Indian mackerel

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Indian mackerel
Rastrelliger kanagurta JNC2855.JPG
Scientific classification edit
Kingdom: Animalia
Phylum: Chordata
Class: Actinopterygii
Order: Scombriformes
Suborder: Scombroidei
Family: Scombridae
Subfamily: Scombrinae
Tribe: Scombrini
Genus: Rastrelliger
R. kanagurta
Binomial name
Rastrelliger kanagurta
(Cuvier, 1816)
School of Indian mackerel ram feeding on macroplanton
Indian mackerel
Indian mackerel cleaned
Indian mackerel, cleaned and scored and its roe. The heads have been removed.
Fried Indian mackerel

The Indian mackerel (Rastrelliger kanagurta) is a species of mackerel in the scombrid family (family Scombridae) of order Perciformes.[2] It is commonly found in the Indian and West Pacific oceans, and their surrounding seas. It is an important food fish and is commonly used in South and South-East Asian cuisine.

It is known by various names, such as 'pelaling' in Malaysia, 'Kembung' in Indonesia, Bangdi (બાંગડી) in Gujarati, Bangda(बांगडा) in Marathi, Aiyla(അയല, ഐല) in Malayalam, 'Kaanankeluthi'(காணாங்கெலுத்தி) in Tamil and 'Bangude' (ಬಂಗುಡೆ) in Tulu, Konkani and Kannada and Kajol Gouri (Bengali).

Distribution and habitat[edit]

The Indian mackerel is found in warm shallow waters along the coasts of the Indian and Western Pacific oceans. Its range extends from the Red Sea and East Africa in the west to Indonesia in the east, and from China and the Ryukyu Islands in the north to Australia, Melanesia and Samoa in the south. It has also entered the Mediterranean Sea through the Suez Canal as a Lessepsian migrant.[3] It is widely found in the Karnataka coastal belt and very popular fish food in Kudla.


The body of the Indian mackerel is moderately deep, and the head is longer than the body depth. The maxilla are partly concealed, covered by the lacrimal bone, but extend till around the hind margin of the eye.[4]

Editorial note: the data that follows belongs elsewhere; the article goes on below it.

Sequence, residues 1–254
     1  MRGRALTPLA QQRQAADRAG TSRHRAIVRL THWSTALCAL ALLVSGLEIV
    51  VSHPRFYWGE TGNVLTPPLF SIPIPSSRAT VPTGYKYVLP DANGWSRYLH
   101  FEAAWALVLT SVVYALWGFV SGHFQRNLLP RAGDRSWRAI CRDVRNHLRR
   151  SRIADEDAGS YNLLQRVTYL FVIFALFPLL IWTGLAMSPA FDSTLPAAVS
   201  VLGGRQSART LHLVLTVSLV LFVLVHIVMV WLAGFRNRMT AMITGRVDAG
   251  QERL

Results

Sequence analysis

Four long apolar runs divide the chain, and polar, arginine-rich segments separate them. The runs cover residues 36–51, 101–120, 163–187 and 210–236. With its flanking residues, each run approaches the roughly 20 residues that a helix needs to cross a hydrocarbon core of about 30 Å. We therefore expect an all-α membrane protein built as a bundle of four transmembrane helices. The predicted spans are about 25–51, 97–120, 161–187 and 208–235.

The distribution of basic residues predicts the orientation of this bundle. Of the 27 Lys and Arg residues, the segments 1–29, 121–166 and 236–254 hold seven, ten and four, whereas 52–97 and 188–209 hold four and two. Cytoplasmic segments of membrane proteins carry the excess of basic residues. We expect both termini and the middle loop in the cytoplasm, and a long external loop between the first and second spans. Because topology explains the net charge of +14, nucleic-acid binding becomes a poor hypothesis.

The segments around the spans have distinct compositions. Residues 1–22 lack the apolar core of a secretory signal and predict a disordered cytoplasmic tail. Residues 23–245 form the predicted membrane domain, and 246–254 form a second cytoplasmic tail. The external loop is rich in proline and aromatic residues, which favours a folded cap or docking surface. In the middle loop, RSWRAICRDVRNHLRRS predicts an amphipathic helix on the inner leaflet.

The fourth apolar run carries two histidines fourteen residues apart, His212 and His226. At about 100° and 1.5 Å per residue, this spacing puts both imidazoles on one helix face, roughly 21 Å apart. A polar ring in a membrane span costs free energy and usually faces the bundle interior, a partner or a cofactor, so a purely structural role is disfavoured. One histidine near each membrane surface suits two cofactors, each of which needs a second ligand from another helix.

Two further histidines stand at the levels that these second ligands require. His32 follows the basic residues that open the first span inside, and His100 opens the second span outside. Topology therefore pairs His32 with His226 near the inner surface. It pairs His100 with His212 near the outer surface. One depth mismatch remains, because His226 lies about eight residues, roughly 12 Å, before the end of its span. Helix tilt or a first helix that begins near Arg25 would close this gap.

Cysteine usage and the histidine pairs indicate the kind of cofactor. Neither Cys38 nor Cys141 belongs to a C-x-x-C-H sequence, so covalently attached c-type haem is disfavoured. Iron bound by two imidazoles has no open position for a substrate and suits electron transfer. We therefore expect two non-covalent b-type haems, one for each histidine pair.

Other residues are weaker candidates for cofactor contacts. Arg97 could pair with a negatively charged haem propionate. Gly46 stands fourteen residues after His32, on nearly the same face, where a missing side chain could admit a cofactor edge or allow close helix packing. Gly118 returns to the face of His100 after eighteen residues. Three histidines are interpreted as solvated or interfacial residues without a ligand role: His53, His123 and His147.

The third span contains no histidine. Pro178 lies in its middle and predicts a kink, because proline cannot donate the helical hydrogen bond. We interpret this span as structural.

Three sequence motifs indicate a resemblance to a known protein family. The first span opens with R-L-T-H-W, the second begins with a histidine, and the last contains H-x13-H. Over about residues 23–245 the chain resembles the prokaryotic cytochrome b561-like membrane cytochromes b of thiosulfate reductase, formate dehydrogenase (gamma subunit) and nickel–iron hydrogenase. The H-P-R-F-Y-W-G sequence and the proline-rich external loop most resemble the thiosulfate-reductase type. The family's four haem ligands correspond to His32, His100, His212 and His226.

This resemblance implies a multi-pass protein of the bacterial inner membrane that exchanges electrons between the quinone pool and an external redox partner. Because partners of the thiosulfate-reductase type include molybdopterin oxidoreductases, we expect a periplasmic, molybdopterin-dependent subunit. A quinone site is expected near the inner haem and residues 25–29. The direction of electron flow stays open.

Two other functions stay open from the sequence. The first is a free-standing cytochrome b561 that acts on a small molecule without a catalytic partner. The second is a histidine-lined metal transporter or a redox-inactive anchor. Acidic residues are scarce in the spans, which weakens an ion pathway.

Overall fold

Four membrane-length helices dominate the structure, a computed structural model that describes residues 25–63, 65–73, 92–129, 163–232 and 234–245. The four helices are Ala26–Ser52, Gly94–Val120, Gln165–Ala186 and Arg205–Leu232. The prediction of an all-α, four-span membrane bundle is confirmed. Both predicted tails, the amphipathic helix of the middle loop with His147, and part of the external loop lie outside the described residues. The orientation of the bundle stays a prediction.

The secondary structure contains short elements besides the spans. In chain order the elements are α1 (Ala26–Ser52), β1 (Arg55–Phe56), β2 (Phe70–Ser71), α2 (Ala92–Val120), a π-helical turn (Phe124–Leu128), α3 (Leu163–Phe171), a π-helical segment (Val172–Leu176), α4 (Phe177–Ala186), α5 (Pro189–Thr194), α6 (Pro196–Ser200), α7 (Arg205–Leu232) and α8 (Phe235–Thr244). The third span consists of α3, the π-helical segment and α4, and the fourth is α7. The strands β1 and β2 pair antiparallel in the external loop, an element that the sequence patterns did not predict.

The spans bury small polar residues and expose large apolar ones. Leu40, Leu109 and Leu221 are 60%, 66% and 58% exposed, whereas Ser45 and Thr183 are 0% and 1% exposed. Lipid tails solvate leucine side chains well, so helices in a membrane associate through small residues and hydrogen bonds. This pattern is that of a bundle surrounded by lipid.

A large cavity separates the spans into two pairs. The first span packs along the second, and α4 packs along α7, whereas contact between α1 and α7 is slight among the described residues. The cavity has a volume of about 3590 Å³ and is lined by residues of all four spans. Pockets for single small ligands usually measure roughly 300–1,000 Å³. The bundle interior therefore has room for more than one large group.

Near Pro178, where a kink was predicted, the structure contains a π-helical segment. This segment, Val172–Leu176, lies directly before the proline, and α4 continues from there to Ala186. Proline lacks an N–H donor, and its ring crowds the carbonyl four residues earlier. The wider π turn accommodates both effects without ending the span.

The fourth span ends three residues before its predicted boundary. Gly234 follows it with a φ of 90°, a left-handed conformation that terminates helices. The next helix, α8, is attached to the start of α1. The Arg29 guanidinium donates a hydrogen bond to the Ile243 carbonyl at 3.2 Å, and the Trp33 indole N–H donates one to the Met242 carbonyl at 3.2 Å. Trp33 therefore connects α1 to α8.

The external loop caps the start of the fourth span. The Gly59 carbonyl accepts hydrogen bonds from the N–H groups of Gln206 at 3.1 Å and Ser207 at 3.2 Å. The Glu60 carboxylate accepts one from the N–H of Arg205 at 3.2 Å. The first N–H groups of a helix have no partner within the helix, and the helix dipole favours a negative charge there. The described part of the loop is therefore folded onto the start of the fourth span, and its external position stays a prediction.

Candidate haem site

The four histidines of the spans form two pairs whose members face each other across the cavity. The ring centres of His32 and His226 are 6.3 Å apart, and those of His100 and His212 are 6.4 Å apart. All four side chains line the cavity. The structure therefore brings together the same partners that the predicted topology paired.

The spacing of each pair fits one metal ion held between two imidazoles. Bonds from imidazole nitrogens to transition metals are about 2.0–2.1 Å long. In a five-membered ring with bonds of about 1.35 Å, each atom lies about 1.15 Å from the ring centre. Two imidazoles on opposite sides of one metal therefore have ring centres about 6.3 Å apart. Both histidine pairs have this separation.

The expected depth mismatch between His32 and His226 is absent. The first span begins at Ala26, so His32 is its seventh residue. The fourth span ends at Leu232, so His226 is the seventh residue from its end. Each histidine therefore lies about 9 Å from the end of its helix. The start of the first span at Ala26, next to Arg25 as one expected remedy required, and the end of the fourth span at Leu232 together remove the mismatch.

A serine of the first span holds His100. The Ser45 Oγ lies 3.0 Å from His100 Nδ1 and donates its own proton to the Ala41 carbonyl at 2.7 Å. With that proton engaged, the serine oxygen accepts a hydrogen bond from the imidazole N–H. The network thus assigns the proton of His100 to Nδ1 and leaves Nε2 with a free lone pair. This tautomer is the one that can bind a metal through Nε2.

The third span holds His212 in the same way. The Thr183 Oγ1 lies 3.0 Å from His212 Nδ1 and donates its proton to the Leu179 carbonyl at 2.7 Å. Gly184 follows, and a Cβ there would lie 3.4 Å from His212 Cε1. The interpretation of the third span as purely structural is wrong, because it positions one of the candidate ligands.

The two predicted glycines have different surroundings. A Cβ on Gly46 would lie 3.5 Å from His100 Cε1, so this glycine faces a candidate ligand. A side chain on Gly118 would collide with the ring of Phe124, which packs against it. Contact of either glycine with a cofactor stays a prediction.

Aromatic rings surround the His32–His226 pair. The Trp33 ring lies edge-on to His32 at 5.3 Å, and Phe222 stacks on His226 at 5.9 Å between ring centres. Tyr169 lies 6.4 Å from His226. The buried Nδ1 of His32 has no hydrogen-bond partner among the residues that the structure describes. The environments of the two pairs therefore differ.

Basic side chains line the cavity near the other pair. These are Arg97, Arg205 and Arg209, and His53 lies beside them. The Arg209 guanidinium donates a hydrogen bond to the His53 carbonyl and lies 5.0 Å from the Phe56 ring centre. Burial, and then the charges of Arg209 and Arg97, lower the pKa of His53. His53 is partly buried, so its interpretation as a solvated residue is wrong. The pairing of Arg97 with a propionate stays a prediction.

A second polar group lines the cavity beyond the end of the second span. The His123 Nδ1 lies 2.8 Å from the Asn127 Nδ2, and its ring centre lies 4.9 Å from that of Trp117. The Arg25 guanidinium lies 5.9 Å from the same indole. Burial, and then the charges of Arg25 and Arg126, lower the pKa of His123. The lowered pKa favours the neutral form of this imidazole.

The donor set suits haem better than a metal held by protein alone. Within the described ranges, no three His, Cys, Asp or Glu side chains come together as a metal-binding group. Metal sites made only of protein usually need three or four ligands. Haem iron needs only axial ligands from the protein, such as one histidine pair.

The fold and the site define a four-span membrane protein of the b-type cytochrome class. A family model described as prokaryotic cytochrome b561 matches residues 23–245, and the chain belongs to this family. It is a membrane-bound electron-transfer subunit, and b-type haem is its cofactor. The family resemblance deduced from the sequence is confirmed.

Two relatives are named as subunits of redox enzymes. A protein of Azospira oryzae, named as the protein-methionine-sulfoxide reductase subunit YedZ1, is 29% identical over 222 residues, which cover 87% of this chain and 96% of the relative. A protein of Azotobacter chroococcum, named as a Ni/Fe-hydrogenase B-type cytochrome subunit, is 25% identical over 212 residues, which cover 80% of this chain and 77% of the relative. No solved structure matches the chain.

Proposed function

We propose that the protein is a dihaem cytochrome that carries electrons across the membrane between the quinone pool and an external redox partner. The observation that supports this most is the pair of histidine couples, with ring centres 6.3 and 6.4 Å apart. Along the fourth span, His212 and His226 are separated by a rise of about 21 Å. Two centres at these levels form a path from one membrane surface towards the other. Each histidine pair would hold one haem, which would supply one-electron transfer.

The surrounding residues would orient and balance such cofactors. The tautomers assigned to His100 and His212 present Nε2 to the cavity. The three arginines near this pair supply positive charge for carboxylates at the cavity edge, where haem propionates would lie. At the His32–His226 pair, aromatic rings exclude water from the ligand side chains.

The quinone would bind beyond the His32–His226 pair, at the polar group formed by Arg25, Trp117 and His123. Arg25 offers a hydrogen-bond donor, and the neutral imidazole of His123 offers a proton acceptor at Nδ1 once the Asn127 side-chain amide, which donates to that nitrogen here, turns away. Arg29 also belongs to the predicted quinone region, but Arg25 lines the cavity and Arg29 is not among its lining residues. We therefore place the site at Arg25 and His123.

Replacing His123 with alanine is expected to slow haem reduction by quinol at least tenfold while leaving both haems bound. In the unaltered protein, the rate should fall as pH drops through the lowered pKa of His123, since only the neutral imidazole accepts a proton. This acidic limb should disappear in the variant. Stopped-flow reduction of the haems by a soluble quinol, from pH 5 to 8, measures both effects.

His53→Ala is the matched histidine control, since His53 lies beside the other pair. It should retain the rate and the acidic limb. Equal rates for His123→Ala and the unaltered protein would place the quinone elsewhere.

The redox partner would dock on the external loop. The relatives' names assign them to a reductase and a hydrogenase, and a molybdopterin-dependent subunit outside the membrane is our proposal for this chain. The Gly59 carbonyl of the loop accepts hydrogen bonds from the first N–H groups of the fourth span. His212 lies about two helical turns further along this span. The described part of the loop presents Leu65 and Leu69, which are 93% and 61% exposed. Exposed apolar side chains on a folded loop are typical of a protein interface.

These fish have thin dark longitudinal bands on the upper part of the body, which may be golden on fresh specimens. There is also a black spot on the body near the lower margin of the pectoral fin. Dorsal fins are yellowish with black tips, while the caudal and pectoral fins are yellowish. The remaining fins are dusky.[4]

Indian mackerel reach a maximum fork length of 35 centimetres (14 in), but are generally around 25 centimetres (9.8 in) in length.[3]

Habitat and diet[edit]

The Indian mackerel is generally found in shallow, coastal waters, where the surface water temperature is at least 17 °C (63 °F).[4] Adults of this species are found in coastal bays, harbours and deep lagoons. They are commonly found in turbid waters rich in plankton.[3]

Adult Indian mackerel feed on macroplankton including the larvae of shrimp and fish.[4]

Life history[edit]

The spawning season around India, which is in the northern hemisphere, is between March and September. Around Seychelles in the southern hemisphere, it is between September and the following March.[5]

Spawning occurs in batches. The eggs are laid in the water and are externally fertilized. The Indian mackerel do not guard their eggs, which are left to develop on their own.[6]

Juveniles feed on phytoplankton like diatoms and small zooplankton including cladocerans and ostracods. As they mature, their intestines shorten, and their diet changes to primarily include macroplankton such as the larvae of shrimp and fish.[4]

As food[edit]

Called Bangude in Tulu, the fish is deep fried or pan fried with Rava or made into a spicy curry called Bangude puli munchi.


  1. ^ Collette, B.; Di Natale, A.; Fox, W.; Juan Jorda, M. & Nelson, R. (2011). "Rastrelliger kanagurta". The IUCN Red List of Threatened Species. 2011: e.T170328A6750032. doi:10.2305/IUCN.UK.2011-2.RLTS.T170328A6750032.en.
  2. ^ "Rastrelliger kanagurta". Integrated Taxonomic Information System. Retrieved 28 November 2009.
  3. ^ a b c Froese, Rainer and Pauly, Daniel, eds. (2009). "Rastrelliger Kanagurta" in FishBase. September 2009 version.
  4. ^ a b c d e "FAO fact sheet". Retrieved 28 November 2009.
  5. ^ "Spawning information on FishBase". Retrieved 23 January 2010.
  6. ^ "Reproduction information on FishBase". Retrieved 23 January 2010.

External links[edit]